Management

The tricky task of finding a new home for the Federal Protective Service

For one of the components affected by the formation of the Cybersecurity and Infrastructure Security Agency, settling into a new organization is going to require some adjustment – as it will for the agency that takes it in, according to a recent Government Accountability Office study.

The Federal Protective Service could find a new home at any one of eight agencies, the Jan. 8 study said, but there will be trade-offs.

The law that created CISA mandated that the current parent agency of FPA, the Department of Homeland Security, review whether FPS should be moved to another parent agency inside DHS or to another federal agency.

FPS is responsible for the physical security of almost 10,000 federal buildings and their occupants. Its unique function of using guards to protect the physical security of federal real estate makes finding a new parent agency complicated, according to the study.

The problem of finding the right organizational placement for FPS is not new.

In 2003, FPS was moved from the General Services Administration to DHS's Immigrations and Customs Enforcement. In 2009, it was placed under DHS' National Protection and Programs Directorate, because NPPD was responsible for physical protection of critical infrastructure. However, the law that created CISA last November sharpened the new agency's focus to stress hybrid physical/cyber protection capabilities and information sharing, leaving a growing gap between FPS and CISA missions, according to the study.

GAO looked at eight agencies where FPS might find a home, including DHS, Customs and Border Protection, CISA, ICE, Secret Service, GSA, the Department of Justice and the U.S. Marshals Service. The study said FPS could become a standalone entity within DHS, GSA, or the Justice Department.

With any move, GAO said, there would be trade-offs for FPS and the agency that takes it in. For instance, as its CISA parent honed cyber/infrastructure protection skills over the last few years, FPS has sharpened its law enforcement functions, and set up a rapid protection force that can respond to dire threat situations at federal facilities .

FPS' specialized duty complicates finding a new home, according to GAO. It could be placed at the Marshals Service, with which it already coordinates on building security, but that service doesn't explicitly have infrastructure protection duties. Similarly, GSA doesn't have a law enforcement mandate, just building services.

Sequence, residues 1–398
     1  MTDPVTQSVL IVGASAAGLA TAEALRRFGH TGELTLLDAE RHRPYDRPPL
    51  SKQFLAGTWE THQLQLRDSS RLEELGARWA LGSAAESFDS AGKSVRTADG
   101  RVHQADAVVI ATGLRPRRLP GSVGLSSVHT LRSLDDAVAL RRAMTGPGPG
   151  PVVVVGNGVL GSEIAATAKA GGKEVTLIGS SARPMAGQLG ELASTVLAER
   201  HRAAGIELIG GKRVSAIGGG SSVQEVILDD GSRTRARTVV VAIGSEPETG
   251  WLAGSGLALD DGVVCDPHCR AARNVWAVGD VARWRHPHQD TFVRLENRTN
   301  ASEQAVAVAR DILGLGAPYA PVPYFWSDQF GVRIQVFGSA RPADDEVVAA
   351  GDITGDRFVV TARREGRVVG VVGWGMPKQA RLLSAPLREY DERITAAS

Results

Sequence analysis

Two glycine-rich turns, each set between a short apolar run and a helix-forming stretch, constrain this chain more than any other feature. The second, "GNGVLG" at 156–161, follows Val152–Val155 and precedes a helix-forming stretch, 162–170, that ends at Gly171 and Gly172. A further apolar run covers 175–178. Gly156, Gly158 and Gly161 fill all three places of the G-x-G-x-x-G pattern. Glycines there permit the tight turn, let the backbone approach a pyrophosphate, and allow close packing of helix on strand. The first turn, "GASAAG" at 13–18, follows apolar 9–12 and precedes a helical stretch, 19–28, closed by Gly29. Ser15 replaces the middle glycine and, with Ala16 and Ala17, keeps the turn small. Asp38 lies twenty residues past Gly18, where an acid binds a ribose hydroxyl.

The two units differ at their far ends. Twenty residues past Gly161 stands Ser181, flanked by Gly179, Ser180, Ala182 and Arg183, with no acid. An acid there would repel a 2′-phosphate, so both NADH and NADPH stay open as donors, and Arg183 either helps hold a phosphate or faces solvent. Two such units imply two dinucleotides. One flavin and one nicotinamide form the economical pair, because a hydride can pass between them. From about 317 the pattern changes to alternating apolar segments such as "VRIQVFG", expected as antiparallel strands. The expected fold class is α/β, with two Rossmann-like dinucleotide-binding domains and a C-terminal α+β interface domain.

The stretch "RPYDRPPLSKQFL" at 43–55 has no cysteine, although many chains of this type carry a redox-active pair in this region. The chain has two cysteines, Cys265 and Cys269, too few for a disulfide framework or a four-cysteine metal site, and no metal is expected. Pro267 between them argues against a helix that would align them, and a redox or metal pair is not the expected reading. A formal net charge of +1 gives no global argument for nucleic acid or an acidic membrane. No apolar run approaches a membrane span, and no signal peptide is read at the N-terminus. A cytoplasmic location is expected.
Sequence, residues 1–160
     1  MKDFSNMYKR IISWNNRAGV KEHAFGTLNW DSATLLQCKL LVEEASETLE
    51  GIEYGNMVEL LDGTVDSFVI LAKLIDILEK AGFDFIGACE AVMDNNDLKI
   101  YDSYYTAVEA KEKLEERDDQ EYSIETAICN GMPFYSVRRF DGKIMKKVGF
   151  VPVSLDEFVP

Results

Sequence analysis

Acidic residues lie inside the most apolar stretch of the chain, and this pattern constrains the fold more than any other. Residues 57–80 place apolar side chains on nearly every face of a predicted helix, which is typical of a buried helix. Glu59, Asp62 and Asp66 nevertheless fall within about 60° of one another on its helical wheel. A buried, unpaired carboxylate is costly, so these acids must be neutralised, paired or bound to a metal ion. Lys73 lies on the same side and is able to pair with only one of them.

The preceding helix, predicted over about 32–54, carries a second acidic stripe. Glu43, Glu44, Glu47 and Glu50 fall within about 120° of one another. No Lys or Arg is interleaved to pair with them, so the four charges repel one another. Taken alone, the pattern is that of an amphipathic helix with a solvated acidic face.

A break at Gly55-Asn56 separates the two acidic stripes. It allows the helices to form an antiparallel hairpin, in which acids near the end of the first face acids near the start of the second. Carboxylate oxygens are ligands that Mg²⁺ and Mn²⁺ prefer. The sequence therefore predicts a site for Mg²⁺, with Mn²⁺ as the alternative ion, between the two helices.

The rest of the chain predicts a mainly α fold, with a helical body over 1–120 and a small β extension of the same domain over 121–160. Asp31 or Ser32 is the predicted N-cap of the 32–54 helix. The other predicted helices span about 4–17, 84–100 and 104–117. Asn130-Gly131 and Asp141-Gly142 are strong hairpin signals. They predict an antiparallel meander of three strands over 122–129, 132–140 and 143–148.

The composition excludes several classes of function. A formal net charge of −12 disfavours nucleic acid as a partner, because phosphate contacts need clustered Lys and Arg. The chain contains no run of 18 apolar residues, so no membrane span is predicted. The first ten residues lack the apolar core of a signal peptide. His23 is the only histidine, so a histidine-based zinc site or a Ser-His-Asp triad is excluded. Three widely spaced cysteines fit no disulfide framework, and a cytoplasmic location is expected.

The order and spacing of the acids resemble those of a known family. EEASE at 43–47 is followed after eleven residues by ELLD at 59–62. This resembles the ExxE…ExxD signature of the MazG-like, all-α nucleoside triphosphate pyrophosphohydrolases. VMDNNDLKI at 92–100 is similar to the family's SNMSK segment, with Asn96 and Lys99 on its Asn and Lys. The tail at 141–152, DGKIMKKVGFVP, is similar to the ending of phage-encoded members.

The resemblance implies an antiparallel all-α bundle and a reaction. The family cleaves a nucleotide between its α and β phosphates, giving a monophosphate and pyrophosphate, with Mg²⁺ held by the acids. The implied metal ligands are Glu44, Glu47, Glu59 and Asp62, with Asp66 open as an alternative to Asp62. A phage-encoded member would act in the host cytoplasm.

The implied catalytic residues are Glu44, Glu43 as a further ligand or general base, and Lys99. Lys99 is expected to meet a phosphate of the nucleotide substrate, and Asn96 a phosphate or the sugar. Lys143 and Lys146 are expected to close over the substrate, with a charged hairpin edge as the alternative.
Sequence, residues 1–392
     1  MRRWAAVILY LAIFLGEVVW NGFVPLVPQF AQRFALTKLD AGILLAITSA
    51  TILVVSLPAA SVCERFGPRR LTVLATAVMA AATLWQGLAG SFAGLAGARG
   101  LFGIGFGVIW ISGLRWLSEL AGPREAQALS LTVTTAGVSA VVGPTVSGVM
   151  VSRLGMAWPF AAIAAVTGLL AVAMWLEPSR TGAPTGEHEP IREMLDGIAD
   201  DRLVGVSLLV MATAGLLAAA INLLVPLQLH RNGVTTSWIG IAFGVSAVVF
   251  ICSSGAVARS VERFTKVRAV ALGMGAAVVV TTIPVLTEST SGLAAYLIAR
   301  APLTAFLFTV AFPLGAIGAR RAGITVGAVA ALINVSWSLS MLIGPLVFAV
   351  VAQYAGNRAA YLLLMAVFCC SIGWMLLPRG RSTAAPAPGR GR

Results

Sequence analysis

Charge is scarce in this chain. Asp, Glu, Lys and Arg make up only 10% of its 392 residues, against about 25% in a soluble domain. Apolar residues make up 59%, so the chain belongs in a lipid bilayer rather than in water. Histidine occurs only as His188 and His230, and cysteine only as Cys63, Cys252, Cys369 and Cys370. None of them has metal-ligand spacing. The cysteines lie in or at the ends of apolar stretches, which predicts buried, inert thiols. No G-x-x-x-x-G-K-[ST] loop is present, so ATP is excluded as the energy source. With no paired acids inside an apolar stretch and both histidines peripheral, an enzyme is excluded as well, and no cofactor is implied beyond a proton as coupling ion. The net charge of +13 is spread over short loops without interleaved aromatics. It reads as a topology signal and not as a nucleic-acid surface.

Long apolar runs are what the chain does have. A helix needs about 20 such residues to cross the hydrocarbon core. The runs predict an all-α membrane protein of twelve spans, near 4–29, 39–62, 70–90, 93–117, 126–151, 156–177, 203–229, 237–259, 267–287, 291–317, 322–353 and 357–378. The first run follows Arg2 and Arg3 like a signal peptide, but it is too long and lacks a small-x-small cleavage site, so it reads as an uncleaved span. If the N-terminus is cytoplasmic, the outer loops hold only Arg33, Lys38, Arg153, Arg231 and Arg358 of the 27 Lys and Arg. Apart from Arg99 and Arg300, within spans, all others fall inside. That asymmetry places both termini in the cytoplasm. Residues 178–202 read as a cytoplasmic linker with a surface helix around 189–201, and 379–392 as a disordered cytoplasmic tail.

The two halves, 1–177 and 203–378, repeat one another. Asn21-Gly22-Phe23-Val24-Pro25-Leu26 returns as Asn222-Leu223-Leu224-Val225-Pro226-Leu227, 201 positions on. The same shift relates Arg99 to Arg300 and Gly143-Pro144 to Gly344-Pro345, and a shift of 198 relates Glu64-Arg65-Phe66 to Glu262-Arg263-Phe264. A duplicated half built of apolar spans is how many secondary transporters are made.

In December, CISA Deputy Director Matthew Travis told FCW in an interview that the transition plan, dubbed "CISA 2020," reflects the goal of getting the agency in shape over the course of the next year. Travis said DHS and CISA had formed a working group under the plan to explore how FPS could be moved within DHS.

The GAO report said the working group's charter needed a harder edge, including an ultimate goal of where to place FPS, what that placement aims to achieve and what the trade-offs -- good and bad -- any move will bring.

About the Author

Mark Rockwell is a senior staff writer at FCW, whose beat focuses on acquisition, the Department of Homeland Security and the Department of Energy.

Before joining FCW, Rockwell was Washington correspondent for Government Security News, where he covered all aspects of homeland security from IT to detection dogs and border security. Over the last 25 years in Washington as a reporter, editor and correspondent, he has covered an increasingly wide array of high-tech issues for publications like Communications Week, Internet Week, Fiber Optics News, tele.com magazine and Wireless Week.

Rockwell received a Jesse H. Neal Award for his work covering telecommunications issues, and is a graduate of James Madison University.

Click here for previous articles by Rockwell. Contact him at mrockwell@fcw.com or follow him on Twitter at @MRockwell4.


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